[Guest post by Aaron Worthing; if you have tips, please send them here. Or by Twitter @AaronWorthing.]
So Richard Cohen decided to tackle “[t]he myth of American exceptionalism” and well… it goes about as well as you would think it would. It’s a tour de force of either mind-numbing stupidity or just plain dishonesty. Let’s read it together, shall we?
He starts right off by declaring that
“The problem of the twentieth century is the problem of the color line,” W.E.B. Du Bois wrote in 1903 — and I will not quibble. But the problem of the 21st century is the problem of culture… what I would call the culture of smugness. The emblem of this culture is the term “American exceptionalism.” It has been adopted by the right to mean that America, alone among the nations, is beloved of God. Maybe so, but on some days it’s hard to tell.
So right off the bat, he is getting it wrong. That is not what the doctrine of American Exceptionalism is about and a quick Google Search would find a plethora of informed statements on the subject. For my money the best summary is Stephen Calabresi’s that “the idea of America as a special place with a special people called to a special mission[.]” And it has been present for well over four centuries. A classic example of that exceptionalism was found in the X, Y, Z affair, where the French expected American diplomats to engage in the same casual corruption that every other nation engaged in. Our diplomats refused for little other reason that we were Americans and we were different.
Alas, he goes on:
The term “American exceptionalism” has been invoked by Mitt Romney, Mike Pence, Newt Gingrich, Rick Santorum, Mike Huckabee and, of course, Sarah Palin. I would throw in Michele Bachmann, since if she has not said it yet, she soon will because she says almost anything. She is no exception to the cult of American exceptionalism.
So he accuses Bachmann of being about to say it because “she says almost anything.” Did an editor actually read that line? She says almost anything? Really? Does she say “Karl Marx was right?” or “the Jews should be wiped out” because somehow I doubt it. It’s really fascinating to watch a person actually demonstrate irrational hatred toward the woman.
Then he goes on to explode the “myth” of American Exceptionalism (that is, to kill his straw man) by basically arguing that America is cursed, cursed I tell you:
For an industrialized nation, the United States has a very high murder rate and, no surprise, a very high execution rate. We have a health-care system cleverly designed to bankrupt the average person and a political system so dysfunctional that we may go into national bankruptcy, blaming one another for spending too much or taxing too little, but not both. God indeed works in mysterious ways.
And he goes on. And on. And on. Seriously, after the shellacking he gives this country, would it for once be appropriate to question his patriotism?
He goes on to write:
Let no person think there is not a certain kind of American exceptionalism that I believe in and cherish. It is our astounding capacity for tolerance
And for one second he might have started to understand how and why America was different. He might have noticed how Europe has hate speech laws that oddly are never applied to the increasingly anti-Semitic Imams, but are vigorously applied to anyone who sounds the alarm about such Imams. He might have noticed just how empty and fleeting the tolerance and freedom is over there. But then he plunges back into hating his fellow Americans:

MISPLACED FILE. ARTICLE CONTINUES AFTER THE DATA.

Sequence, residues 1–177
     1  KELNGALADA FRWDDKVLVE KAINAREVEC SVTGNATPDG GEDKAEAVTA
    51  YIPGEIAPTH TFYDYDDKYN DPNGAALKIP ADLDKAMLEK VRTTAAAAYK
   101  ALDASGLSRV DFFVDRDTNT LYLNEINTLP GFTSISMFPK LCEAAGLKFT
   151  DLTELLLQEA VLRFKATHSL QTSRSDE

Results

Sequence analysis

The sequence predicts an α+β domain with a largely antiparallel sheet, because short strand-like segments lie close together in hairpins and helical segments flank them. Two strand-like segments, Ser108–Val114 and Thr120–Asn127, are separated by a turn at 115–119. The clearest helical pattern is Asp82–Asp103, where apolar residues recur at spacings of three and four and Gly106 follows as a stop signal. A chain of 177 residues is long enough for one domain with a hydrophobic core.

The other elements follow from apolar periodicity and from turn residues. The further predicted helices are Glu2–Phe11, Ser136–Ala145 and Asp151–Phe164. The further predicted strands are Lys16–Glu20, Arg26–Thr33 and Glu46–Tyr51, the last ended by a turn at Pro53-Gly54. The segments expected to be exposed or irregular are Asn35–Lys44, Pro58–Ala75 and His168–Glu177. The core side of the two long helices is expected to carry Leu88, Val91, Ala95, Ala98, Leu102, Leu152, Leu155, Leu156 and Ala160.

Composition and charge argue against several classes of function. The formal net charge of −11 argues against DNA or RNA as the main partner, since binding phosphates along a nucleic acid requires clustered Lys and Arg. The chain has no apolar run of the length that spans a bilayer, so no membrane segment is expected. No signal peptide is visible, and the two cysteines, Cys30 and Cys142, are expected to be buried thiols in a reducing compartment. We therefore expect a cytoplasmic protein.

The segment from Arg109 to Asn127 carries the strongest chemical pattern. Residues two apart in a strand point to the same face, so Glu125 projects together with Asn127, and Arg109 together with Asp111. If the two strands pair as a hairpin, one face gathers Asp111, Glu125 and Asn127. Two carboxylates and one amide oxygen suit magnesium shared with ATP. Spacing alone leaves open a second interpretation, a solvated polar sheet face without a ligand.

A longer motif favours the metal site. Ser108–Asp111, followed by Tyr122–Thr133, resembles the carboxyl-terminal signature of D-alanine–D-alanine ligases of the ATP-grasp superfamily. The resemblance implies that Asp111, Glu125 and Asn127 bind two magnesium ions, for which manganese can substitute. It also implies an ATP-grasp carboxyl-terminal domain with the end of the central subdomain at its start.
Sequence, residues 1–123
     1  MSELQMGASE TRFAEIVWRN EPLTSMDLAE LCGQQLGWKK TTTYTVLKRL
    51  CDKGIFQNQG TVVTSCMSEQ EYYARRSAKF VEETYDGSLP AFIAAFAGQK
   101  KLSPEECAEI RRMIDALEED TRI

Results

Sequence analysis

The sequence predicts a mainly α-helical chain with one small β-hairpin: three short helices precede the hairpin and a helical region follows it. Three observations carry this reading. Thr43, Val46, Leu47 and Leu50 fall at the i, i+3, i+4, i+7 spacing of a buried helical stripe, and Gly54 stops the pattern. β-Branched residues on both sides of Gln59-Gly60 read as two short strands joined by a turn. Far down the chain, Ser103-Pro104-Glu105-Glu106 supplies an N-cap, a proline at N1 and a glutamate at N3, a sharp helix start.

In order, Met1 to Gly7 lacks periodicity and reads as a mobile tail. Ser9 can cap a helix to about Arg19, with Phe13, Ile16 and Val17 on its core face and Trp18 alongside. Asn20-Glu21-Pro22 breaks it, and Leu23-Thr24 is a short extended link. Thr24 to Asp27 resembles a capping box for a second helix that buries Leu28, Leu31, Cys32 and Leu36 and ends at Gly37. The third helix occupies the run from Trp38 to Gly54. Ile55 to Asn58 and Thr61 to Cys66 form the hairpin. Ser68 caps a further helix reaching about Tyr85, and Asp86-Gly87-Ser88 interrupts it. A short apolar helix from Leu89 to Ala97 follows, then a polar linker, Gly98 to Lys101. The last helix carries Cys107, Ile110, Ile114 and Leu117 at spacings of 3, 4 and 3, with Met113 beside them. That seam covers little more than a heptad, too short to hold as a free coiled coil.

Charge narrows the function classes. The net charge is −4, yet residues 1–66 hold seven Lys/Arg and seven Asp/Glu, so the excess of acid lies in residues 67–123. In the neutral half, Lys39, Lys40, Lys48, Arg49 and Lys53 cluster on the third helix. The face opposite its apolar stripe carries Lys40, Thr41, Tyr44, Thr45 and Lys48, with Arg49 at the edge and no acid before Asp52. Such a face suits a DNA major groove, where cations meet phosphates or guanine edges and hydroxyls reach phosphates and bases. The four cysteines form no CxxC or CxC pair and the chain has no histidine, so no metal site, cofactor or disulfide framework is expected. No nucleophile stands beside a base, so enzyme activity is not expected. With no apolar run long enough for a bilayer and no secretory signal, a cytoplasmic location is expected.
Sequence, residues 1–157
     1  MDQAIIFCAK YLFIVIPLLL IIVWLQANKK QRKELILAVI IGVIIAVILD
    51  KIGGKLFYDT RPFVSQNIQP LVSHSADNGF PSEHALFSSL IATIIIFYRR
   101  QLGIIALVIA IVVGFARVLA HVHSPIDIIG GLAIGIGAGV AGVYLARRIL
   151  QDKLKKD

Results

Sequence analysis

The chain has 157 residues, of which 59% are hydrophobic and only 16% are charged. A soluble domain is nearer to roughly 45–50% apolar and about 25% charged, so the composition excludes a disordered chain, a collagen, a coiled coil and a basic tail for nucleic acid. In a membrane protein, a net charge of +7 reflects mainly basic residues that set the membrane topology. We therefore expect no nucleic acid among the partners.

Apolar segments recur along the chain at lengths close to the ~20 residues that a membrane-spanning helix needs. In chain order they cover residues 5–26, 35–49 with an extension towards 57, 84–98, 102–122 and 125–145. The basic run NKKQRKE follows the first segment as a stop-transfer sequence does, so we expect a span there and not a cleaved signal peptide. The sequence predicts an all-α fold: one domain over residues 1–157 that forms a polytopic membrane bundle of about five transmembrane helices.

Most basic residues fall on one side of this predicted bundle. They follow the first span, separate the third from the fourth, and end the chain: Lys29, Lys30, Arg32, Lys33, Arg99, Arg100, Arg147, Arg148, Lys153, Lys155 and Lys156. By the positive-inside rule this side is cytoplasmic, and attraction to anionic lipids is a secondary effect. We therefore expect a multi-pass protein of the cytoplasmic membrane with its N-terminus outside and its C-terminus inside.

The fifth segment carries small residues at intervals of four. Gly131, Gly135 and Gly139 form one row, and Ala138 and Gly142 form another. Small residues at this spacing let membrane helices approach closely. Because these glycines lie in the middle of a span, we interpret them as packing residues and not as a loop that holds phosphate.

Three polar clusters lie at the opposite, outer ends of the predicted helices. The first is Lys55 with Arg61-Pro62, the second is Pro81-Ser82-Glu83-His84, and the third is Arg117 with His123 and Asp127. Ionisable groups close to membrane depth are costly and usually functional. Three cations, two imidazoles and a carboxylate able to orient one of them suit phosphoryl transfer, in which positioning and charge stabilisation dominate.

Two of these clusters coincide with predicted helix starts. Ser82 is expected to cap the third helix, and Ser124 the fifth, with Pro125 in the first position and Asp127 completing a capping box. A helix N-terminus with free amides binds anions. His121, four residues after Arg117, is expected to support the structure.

It turns out, however, that some of those most inclined to exalt American exceptionalism are simply using the imaginary past to defend their cultural tics — conventional marriage or school prayer or, for some odd reason, a furious antipathy to the notion that mankind has contributed (just a bit) to global warming.
But if you thought that was weak so far, he turns up the idiocy to 11 in the last few paragraphs:
The huge role of religion in American politics is nothing new but always a matter for concern nonetheless. In the years preceding the Civil War, both sides of the slavery issue claimed the endorsement of God. The 1856 Republican convention concluded with a song that ended like this: “We’ve truth on our side/ We’ve God for our guide.” Within five years, Americans were slaughtering one another on the battlefield.
Therein lies the danger of American exceptionalism. It discourages compromise, for what God has made exceptional, man must not alter. And yet clearly America must change fundamentally or continue to decline.
Which is idiotic on so many levels I hardly know where to begin. First, he is upset at the Republicans in 1860 for not being willing to compromise? Should they have been more flexible on the subject of slavery? At Cooper’s Union, Lincoln told us what compromise on the subject required:
The question recurs, what will satisfy them? Simply this: We must not only let them alone, but we must somehow, convince them that we do let them alone. This, we know by experience, is no easy task. We have been so trying to convince them from the very beginning of our organization, but with no success. In all our platforms and speeches we have constantly protested our purpose to let them alone; but this has had no tendency to convince them. Alike unavailing to convince them, is the fact that they have never detected a man of us in any attempt to disturb them.